Comme des Garçons
September 28, 2013 Paris
Now, that last statement might seem rather arch, but there is a reason for it. Always wanting to do something new, something that hasn't existed before, Kawakubo decided this season that the only way she could do this was by setting out not to make clothes. The designer wanted to see herself, not through her own fashion eyes, but through ones that were innocent of all this. That's why, this evening, she adhered to none of the strict fashion show formulas. There had been no toiles, no fittings on the body; these were objects to go beyond the body, to reformulate what fashion is to the designer.
This is one of the reasons the collection is one about which itís incredibly difficult to write. To roll out all of the autopilot fashion formulas, all of the blah blah about fabrics and forms, to adhere to a standard frame of reference—that's just not going to cut it. To pass judgments on "wearability" or "practicality" just seems facile, especially as figures such as Leigh Bowery have existed in the past and helped move the goal posts of the perception of clothing and fashion. And hopefully most of us are lucky enough to live in societies where we can wear what the hell we want, where we can always push the boundaries without literally being arrested. Perhaps, to paraphrase Eleanor Roosevelt, no one can make you feel what fashion is without your consent. Kawakubo is simply asking for consent, not dictating the terms of clothing.
But what Kawakubo also still clearly believes in is the live, living event of the show—a moment of combined creativity that, at its best, is evocative and emotional—and those feelings cannot ever really be reproduced over the Internet or in a catwalk shot. "I have nothing to say, only to show," wrote the philosopher and critic Walter Benjamin, and that statement applies to Kawakubo like no other. She has done her work; she can't explain any further; now it has to be witnessed. Fashion designers at their best function almost purely on instinct, and ultimately it is very difficult to explain instinct. Kawakubo was merely following hers this season. It was down to the show to really communicate the collection.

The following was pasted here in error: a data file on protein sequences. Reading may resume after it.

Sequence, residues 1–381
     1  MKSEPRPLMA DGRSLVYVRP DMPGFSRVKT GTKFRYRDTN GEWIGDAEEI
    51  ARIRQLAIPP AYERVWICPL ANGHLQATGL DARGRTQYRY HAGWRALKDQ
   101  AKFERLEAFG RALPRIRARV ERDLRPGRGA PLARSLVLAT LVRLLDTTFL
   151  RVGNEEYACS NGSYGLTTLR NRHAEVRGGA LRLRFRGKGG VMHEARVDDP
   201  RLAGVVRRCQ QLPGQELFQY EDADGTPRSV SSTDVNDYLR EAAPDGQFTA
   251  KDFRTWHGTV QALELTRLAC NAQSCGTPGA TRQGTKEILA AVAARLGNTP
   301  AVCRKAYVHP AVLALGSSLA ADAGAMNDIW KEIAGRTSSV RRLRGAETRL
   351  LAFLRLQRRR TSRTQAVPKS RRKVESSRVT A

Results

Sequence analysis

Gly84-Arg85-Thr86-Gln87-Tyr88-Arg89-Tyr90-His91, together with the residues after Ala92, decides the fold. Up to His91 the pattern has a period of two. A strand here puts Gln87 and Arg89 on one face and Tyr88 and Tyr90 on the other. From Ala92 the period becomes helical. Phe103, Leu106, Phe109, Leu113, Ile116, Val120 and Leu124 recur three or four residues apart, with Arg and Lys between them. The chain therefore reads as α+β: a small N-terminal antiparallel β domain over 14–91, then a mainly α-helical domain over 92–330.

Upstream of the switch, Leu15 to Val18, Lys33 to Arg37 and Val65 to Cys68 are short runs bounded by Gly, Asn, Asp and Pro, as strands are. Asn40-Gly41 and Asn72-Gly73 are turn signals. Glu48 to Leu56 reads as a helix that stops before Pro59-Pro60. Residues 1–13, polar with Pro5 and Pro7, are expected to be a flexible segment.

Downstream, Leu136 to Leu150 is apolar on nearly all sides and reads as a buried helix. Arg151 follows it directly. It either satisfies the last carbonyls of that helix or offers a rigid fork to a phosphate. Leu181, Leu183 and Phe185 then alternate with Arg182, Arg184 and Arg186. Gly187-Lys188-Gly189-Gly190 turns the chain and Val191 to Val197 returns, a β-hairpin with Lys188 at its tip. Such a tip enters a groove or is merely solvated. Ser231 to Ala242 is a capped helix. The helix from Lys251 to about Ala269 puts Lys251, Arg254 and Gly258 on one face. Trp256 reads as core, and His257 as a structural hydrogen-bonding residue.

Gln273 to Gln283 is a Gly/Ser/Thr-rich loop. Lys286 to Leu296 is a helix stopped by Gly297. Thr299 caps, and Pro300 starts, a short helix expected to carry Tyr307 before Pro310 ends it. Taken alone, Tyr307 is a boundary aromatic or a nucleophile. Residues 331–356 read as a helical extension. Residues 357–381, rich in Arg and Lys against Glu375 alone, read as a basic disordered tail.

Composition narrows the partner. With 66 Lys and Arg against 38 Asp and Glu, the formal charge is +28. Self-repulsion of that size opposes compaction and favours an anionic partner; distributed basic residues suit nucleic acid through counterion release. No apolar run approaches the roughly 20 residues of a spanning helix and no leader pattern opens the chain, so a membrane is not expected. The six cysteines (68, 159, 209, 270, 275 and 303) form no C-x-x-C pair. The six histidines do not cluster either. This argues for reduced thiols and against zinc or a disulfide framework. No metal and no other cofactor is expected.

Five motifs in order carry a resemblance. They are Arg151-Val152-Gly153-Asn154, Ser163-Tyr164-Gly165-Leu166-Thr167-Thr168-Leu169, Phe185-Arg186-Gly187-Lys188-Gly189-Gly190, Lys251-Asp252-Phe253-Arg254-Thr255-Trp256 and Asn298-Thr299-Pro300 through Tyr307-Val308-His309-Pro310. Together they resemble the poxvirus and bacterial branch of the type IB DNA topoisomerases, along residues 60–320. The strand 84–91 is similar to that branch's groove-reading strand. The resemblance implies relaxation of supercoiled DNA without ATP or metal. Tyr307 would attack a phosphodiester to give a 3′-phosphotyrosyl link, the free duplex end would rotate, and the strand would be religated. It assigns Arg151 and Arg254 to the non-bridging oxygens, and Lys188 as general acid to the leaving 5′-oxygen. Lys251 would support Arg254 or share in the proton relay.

The experimental sound artist 20 Hertz, working with Hell's Kitchen, provided the music for each piece. Playfully spanning eras and genres from the eighteenth century operatic to 1980s electro, it was a dizzying and delightful array of moods and feelings juxtaposed. Thierry Dreyfus did a great job of lighting the proceedings, bringing to mind something of German Expressionist cinema. The hairstylist and makeup artist Julien d'Ys provided his own equally abstracted interpretations questioning what hair and makeup should be. The applause at the end was loud and prolonged. Yes, it was all incredibly theatrical. Yes, ultimately, the "clothing" has to be looked at in the flesh and decided upon by the individual. But do not think that this collection is simply for a niche elite of fashion nerds; the repercussions are much wider.
Kawakubo's profound influence in the fashion industry is as a symbol, a touchstone by which many designers can justify their risk-taking and sometimes their very existence in the profession. Many designers work in the big machines of fashion and are not so tightly in control of their own destinies as Kawakubo, but when faced with an onslaught of marketing people who would rather have them produce a slew of nondescript T-shirts and handbags, these designers can point to the fact that somebody like Kawakubo exists, occupies a place of honor in the fashion world, and has a successful business in it. She is the ultimate, symbolic fuck you in the face of the often myopic marketing machine. That's why whatever Kawakubo chooses to do, it has significance for fashion overall and for all of us who are interested in it—or who merely wear clothes.